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Author: Subject: For sale: Lithium Aluminum Hydride 99% (pelletized)
chief
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[*] posted on 5-5-2010 at 00:28


After I looked it up I must say: It's much more rare than I thought ...
==> but still cheap as sh... : "Lithium Carbonate large contracts in March 09 $2.80/lb to $3.00/lb. " as this source says:
http://www.marketoracle.co.uk/Article9722.html
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[*] posted on 5-5-2010 at 02:39


Quote: Originally posted by chief  
25 g for 60 EUR ?
Li rare ? ?? It's one of the most abundant elements of them all ... ; how many g will be in a standard Li-battery ??


And that is a current concern - the demand for lithium for batteries of all sizes. Yes, you can extract it from seawater, but for considerably more expense that exiting sources. And you can mine certain rocks as sources of lithium, but the demand is such that the mountains of waste would be a problem.

If you want to make your fortune, devise a way to economically extract lithium from sea water before someone else does the same.

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chief
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[*] posted on 5-5-2010 at 03:37


Extract from seawater ? That reminds me on when everybody tried to extract the gold ...
==> ... lot's of gold in seawater, each km³ has 10 or more kg ... :D

==================

Anyhow as I posted above: Li2CO3 is at 5-6 $/kg, which is quite cheap ..., even when the masses of the carbon and oxygen are taken into account ... ...

Besides: Soemwhere I saw photos of how to get the Li-foil aout of fresh photo-batteries ...
==> Just can be slaughtered ... ; this gives elemental Li, that could be reacted with the Al and the H ...
==> ... so the above price can be beaten by the order of a magnitude or two ...; and 80% ofthe mass will be made up by the aluminum ...

[Edited on 5-5-2010 by chief]
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[*] posted on 5-5-2010 at 08:17


Well, I'm afraid there is very little Li in a battery. Under a gram for sure. That would boost Li alone at more then 1000 bucks/kg assuming a battery like this is around 1 dollar/piece (the real price being probably under 50 dollars/kg of elemental Li).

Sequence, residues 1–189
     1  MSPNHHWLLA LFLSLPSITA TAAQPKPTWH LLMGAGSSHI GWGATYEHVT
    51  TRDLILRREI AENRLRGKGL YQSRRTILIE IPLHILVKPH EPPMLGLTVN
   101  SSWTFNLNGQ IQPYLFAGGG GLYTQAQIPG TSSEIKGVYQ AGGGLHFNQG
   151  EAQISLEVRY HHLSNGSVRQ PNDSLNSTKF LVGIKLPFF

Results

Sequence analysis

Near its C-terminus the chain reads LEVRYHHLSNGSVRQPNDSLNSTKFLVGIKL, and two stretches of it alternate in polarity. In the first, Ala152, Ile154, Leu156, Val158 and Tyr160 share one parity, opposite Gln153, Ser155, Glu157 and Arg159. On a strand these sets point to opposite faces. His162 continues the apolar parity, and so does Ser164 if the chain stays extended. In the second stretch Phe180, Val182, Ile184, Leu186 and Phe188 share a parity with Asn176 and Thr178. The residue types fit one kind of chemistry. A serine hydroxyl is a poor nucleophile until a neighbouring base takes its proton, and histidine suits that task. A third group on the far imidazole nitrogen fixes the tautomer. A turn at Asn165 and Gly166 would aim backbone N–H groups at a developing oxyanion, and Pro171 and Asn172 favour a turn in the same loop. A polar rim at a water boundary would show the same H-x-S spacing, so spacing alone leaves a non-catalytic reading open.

Then you have the difficulty of working with Li. It really is difficult, because it reacts with N so you have to use very dry Ar. Li fires are probably the worst (almost NOTHING will put off such a fire, except copper powder). It burns down thru stuff like azbestos and concrete.

Good luck beating the price.

After all this is just theory; most of us are just a bunch of home chemists. If I were to pay for my chems I'd be longtime broke with the current prices and I'm sure most of us are the same.
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[*] posted on 5-5-2010 at 14:32


Au in seawater: approximately 6x10-13 g/g
1 km^3 = 10^9 m^3 = 10^12 l = 10^15 cm^3
so Au/km^3 ~= 600g/km^3 - not even a kilogram!

Li is 10^5 times more abundant, so that's like 10 tons per km^3 or 100g per m^3.

If you search for "magnesium lithium brine composition" there are reports from this year of high lithium content brines:

Orocobre mining in Argentina:

Quote:
Extensive pit sampling on the Company’s Salinas Grandes properties show over approximately 12,000 hectares of salar nucleus:

- Lithium (Li) grades averaging1,409 mg/l Li (range from 541mg/l to a high of 4,237mg/l Li) and
- Potassium (K) grades averaging 16,394 mg/l potassium (range from 5,484 to a high of 49,720 mg/l K).
- The magnesium to lithium ratio is also very low with an average value of 2.6.


Coal mine brines, oil well brines, etc. are often much more concentrated than seawater and some have crystallized out halite (NaCl) so the relative abundance of rarer ions is greater. Also Rb is twice as abundant as Li and it's expensive, too, as are Br and I, all more abundant than Li, so a good comprehensive extraction scheme could be as simple as large open pans in a hot dry climate and careful attention towards fractional crystallization rates.

So are any members in North Africa, the dry part of Southern Asia, etc.? There have to be places where wells were drilled only to find salt water. A few small solar powered pumps, some plastic lined shallow pits, hydrometer or three, thermometers, and some shovels... chemistry the lazy man's way. The NaCl drops out first, then Ca, etc... K is quite salable for fertilizer, too. Getting some distilled fresh water out of the mess could water the garden & the workers ;)